on making and using ebooks



by now i've put a fair amount of time into hobbyist book digitization and dedrming ebooks. this is my accumulated wisdom: reasons, tools, tricks. updated 2021-10-16.

obligatory note on piracy: it's illegal, which is to say wrong! an offense in the eyes of God, by facilitating it you will bring about the dissolution of orderly society. meditate long and hard on the tears you will bring to me if you use my techniques for evil, and more than that, the tears you will bring to “Mr. Routledge,” the publisher man in a raggedy suit whose loving care produced the most nondescript academic book covers in history. any references to the illicit distribution of ideas in what follows are literary embellishment.

origin of a habit

i once had a prefigurative vision of myself in old age, ravaged by tsundoku, lost in stacks of books which would consume all my funds while mostly never being read. naturally i resolved to avert this dread fate. tsundoku arises from a simple cause, i reasoned: when one feels the impulse of interest in a book, one obtains it with the purest intention to read. but mere possession brings with it enough satisfaction that the impulse to read slackens prematurely, and one listlessly discards the volume in favor of the next prize. the solution i devised was to make possession immaterial to me: switch to reading pirated ebooks rather than paper copies. not only would downloading an epub provide a less addictive pleasure than holding an object in my hands, but if i could just get over the learning curve, i'd save a sizable sum.

also, there was the problem of my decaying focus: by age thirteen i realized it was increasingly difficult for me to keep my eyes on a text for very long without my mind wandering. i'm still not sure whether to think of that as adhd or a vision problem or my being a victim of internet-induced mass attention death. i took to audiobooks to compensate for the issue, since the narrator's insistent voice refused me any chance for distraction. when no audiobook exists, i can use text-to-speech on an ebook for a similar effect, reading the text at the same time as i listen.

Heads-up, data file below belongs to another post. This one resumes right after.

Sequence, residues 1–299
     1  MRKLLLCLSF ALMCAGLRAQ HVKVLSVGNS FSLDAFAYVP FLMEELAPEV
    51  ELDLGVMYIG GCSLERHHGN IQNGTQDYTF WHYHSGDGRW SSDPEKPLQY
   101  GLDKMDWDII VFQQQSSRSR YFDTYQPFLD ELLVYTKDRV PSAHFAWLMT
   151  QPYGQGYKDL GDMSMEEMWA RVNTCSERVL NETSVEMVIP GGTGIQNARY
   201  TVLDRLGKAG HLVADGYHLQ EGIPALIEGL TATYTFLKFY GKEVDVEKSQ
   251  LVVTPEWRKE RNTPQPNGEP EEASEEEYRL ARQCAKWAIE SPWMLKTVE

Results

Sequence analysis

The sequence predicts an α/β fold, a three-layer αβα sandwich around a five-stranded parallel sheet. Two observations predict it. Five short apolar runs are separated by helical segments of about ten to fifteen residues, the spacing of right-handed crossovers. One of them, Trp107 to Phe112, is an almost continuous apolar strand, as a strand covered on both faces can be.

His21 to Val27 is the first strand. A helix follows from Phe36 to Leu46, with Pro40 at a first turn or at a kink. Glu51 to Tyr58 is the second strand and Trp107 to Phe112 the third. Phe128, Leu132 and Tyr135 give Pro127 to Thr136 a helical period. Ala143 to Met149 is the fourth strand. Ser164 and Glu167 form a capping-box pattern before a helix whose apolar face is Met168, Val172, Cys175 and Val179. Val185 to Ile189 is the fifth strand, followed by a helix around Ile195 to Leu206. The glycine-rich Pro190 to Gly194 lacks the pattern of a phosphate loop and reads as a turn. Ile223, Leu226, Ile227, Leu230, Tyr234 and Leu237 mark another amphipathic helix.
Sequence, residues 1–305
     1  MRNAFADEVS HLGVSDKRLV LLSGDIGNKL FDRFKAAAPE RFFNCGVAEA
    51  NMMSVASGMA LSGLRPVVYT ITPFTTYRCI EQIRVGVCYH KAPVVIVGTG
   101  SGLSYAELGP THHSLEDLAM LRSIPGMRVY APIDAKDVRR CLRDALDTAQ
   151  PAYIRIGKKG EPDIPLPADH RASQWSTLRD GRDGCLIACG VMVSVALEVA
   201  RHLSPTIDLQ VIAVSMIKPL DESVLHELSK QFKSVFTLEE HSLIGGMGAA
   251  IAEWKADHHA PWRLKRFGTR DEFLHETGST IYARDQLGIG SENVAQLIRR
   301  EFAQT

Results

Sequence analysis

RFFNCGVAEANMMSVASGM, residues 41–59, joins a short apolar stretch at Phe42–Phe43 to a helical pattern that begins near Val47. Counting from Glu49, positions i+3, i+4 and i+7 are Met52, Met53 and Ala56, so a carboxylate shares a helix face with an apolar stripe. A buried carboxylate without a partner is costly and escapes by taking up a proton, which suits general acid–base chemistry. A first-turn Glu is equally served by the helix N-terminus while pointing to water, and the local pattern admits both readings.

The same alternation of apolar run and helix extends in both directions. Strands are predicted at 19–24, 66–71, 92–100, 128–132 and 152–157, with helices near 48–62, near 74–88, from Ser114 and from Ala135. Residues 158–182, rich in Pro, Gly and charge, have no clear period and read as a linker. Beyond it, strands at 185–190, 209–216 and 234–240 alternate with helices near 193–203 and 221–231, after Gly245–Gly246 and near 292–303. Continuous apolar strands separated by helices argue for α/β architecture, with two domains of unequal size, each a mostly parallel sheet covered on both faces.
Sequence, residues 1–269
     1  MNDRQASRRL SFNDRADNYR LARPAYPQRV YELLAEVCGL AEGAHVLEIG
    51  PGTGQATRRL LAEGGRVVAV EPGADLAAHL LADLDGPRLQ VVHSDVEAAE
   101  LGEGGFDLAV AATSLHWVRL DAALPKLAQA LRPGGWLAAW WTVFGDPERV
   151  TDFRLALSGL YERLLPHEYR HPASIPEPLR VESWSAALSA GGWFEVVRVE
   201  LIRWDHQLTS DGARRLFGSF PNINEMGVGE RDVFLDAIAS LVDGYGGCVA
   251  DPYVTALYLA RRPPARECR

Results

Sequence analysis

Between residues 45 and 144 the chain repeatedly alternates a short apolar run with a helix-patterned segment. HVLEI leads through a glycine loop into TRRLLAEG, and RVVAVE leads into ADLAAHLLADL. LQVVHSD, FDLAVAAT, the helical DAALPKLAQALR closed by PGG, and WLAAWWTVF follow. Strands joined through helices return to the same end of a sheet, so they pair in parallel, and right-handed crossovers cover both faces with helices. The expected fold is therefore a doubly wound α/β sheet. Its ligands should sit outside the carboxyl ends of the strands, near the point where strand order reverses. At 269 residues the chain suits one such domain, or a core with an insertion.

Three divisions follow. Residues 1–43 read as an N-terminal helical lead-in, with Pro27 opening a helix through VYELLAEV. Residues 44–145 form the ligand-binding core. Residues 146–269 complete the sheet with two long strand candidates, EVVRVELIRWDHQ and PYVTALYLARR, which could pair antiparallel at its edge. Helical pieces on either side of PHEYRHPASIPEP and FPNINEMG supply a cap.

as in any fable of fate defied, the result of my efforts was whole new inconveniences. so used to immediately receiving a pdf of any book i wanted, i no longer know how to accept when something is not available. if i can't find something from the usual sources online, i'm overcome with anger, and will go to almost any length to obtain it. if i can get it from the library, i digitize it, and if i don't know the language, i learn to translate it (can't do the latter as often, of course).

my digitization workflow

several times now i've had someone ask me how to digitize a book properly. my method relies on basic command-line navigation skills, and the tools are all things that run on linux. the fact that everything is for linux means my elaborate answers here honestly are probably not useful to the askers. i haven't timed myself at work, but can say vaguely that it takes a couple hours to scan a couple books, and a couple more hours later to turn the scans into a useful format.